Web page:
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Ben Nadel at dev.Objective() 2015 (Bloomington, MN) with: Gabriel Perez
Ben Nadel at dev.Objective() 2015 (Bloomington, MN) with: Gabriel Perez ( @cfmsites )

Using Self-Executing Function Arguments To Override Core jQuery Methods

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Overriding jQuery methods (or any function for that matter) is a relatively straight forward process. All you have to do is get a reference to the old method (if you need to keep it) and then override the object key (method name) using your new function. A while back, however, I was reading Eric Hynds' blog and came across what I thought was a really elegant way to do this. He was using self-executing function arguments to create a reference to the old jQuery method that he was about to override.

When you create a self-executing function block, you have the opportunity to pass in parameters as part of the function invocation:

(function( argA, argB ){ .... })( paramA, paramB );

In this case, we are passing in "paramA" and "paramB", which will become the arguments, "argA" and "argB," respectively. This approach has a number of benefits including cutting down on scope-chain traversal and creating reference short-hands (ex. mapping "jQuery" parameter to "$" argument). What Eric was doing, that I found so interesting, was that he was using this parameter-argument approach to create references to methods that he was going to override.

To see this in action, I created a very brief demo that overrides the core jQuery method, html(). In the following code, I am going to prepend my own string data to any given HTML before I pass it off to the original, now wrapped, html() method:

<!DOCTYPE html>
	<title>Overriding Core jQuery Methods</title>
	<script type="text/javascript" src="./jquery-1.4.2.js"></script>
	<script type="text/javascript">

		// Create a self-executing function block to which we are
		// going to pass the jQuery object and a reference to the
		// original, core method, html().
		(function( $, oldHtmlMethod ){

			// Override the core html method in the jQuery object.
			$.fn.html = function(){

				// Check to see if we have an argument (that the user
				// is setting HTML content).
				// NOTE: This does not take into account the fact
				// that we can now pass a function to this method -
				// this is just a lightweight demo.
				if (arguments.length){

					// Prepend our own custom HTML.
					arguments[ 0 ] = (
						"<strong>HTML: </strong>" +
						arguments[ 0 ]


				// Execute the original HTML method using the
				// augmented arguments collection.
					oldHtmlMethod.apply( this, arguments )


		})( jQuery, jQuery.fn.html );

		// -------------------------------------------------- //
		// -------------------------------------------------- //

		// When the DOM is ready, run scripts.

			// Use the HTML method which, at this point, has been
			// overridden with a wrapper behavior.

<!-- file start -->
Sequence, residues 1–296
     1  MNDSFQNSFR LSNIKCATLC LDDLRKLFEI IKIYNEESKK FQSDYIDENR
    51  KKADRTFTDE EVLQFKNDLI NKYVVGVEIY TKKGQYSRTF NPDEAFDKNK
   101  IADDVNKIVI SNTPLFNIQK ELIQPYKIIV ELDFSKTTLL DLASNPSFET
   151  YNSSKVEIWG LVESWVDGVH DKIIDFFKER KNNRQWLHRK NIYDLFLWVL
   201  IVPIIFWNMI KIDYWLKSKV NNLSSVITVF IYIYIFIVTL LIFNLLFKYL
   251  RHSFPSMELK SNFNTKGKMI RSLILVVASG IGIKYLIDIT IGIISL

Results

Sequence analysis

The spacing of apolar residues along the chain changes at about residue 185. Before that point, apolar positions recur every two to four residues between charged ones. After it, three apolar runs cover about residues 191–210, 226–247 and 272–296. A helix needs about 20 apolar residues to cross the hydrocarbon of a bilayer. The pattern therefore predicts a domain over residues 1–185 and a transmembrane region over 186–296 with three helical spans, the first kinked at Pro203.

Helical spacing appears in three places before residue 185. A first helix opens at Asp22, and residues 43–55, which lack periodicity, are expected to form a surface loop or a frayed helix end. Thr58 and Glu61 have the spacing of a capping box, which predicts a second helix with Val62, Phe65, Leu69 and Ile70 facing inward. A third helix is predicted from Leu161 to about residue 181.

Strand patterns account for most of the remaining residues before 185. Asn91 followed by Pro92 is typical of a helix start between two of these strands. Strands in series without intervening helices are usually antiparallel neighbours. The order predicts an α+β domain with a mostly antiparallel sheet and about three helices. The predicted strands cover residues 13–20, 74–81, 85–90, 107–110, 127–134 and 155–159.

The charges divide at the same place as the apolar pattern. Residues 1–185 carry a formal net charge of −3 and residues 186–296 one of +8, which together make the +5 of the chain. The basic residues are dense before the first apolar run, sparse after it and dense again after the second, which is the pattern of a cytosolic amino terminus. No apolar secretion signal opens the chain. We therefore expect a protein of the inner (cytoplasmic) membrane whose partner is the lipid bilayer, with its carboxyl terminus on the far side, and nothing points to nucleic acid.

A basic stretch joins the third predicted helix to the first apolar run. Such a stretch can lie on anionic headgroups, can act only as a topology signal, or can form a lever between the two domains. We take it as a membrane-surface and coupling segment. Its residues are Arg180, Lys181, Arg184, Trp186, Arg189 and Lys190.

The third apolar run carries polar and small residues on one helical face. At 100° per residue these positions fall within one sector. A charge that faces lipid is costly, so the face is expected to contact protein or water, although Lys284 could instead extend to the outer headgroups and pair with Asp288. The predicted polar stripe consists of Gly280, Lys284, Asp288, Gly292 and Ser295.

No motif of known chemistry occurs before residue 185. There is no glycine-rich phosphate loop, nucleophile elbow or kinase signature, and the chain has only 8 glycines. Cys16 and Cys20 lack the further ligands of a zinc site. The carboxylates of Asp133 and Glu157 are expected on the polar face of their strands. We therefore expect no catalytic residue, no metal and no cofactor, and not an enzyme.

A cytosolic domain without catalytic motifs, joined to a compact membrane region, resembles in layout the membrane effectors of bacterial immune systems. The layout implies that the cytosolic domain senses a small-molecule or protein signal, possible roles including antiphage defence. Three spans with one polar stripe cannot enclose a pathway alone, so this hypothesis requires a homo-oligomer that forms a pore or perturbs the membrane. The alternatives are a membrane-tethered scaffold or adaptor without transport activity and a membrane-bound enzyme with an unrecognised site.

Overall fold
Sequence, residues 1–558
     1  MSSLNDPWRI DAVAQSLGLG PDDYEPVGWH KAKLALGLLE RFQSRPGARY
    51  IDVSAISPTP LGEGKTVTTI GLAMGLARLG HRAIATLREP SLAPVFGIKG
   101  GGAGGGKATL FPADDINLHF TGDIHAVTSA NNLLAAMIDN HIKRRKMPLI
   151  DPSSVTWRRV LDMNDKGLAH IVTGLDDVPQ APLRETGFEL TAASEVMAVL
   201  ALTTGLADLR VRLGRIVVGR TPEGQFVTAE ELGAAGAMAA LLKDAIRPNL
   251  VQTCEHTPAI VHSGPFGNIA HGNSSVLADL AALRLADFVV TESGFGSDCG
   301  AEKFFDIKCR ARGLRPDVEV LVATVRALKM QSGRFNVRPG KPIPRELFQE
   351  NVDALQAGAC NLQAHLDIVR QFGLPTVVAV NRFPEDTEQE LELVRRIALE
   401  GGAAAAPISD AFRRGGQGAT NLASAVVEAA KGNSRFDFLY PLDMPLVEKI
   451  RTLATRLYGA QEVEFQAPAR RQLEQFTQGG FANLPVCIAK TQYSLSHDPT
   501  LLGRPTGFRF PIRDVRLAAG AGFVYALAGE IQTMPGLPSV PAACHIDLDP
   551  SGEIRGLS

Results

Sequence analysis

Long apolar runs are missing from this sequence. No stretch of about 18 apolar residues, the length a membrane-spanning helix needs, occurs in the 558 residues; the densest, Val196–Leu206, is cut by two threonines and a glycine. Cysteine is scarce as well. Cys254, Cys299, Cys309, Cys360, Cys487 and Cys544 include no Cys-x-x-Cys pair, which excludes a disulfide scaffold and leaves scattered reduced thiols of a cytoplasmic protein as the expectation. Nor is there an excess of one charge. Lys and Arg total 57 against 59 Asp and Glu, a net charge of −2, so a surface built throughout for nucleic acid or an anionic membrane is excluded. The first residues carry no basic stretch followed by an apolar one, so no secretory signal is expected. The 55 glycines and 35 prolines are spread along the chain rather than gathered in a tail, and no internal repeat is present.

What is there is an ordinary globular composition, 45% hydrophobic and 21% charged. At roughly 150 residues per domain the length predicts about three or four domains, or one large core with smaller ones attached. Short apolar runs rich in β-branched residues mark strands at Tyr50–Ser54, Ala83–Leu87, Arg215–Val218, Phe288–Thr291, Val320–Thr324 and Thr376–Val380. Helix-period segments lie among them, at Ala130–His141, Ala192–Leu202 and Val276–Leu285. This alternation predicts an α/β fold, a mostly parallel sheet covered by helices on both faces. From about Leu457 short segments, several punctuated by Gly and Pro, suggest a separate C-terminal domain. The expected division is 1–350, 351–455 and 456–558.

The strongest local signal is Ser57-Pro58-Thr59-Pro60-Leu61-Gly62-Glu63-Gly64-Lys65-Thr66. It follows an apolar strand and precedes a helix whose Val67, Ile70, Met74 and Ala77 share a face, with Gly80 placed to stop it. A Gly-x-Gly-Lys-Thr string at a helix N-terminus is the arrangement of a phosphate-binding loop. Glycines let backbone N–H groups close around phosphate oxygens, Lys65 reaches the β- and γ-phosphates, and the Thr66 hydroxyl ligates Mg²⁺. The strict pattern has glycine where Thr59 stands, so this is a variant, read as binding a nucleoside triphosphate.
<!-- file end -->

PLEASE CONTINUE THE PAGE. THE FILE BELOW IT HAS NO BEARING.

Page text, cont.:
$( "body" ).html( "I was appended to BODY!" );


	<!-- Intentionally left blank. -->

When I run this code, the BODY of the page now contains the following content:

HTML: I was appended to BODY!

As you can see, "HTML:" was prepended to the HTML string that we passed into the html() method.

In the above code, when I defined the self-executing function block, I passed in two parameters: the jQuery library (jQuery) and a reference to the core html() method (jQuery.fn.html). These parameters then became arguments for the self-executing function invocation, which allowed for an almost quasi-implicit reference to the original html() method.

From a functional standpoint, there's absolutely no difference between using this approach and just creating a local variable reference to the original method:

var oldHtmlMethod = $.fn.html;

However, there's something that just feels really nice about parameter-argument mapping in this context. Perhaps I just like the fact that the reference-logic was factored out of the override-logic, creating a slightly cleaner separation of concerns.

Want to use code from this post? Check out the license.

Reader Comments


Good idiom - it's nice how everything happens in "one line". A lot of the time, people won't make that "var oldHtmlMethod = $.fn.html;" a local variable either, ie. it will stick around in global scope, which is possibly undesirable, and something this idiom removes.



Good point on leaving stuff in the global scope; using this parameter-argument approach will definitely help keep variables in the preferred scoping.


Nice post. We use this technique to add in extra functionality to jQuery's $.ajax() function. The overridden success argument, for example, looks into the returned JSON object to see if a property called ERROR has been given. That way, we can pass along a localized error message directly from the server without any extra fuss - and even though the ajax request was technically "successful" we prevent the success handler from being run in the case of one of these errors.

I put up a Gist to better explain :)



Both links worked for me. I like what you're doing. Clearly, this is something very specific to your particular application configuration; but, that said, it looks like it helps unify the API functionality.


You could certainly do that; but you still need to create a local variable for the old method reference. Part of what I was demonstrating here was the use of parameter-argument mapping to remove the local variable. Again, no functional difference, just something I liked about it. I like that you don't have to repeat the function name, however - nice idea.


Ha ha, yeah "Duck Punching" is definitely a more catchy phrase.... although, Aspect Oriented Programming sounds very sophisticated.

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Ben Nadel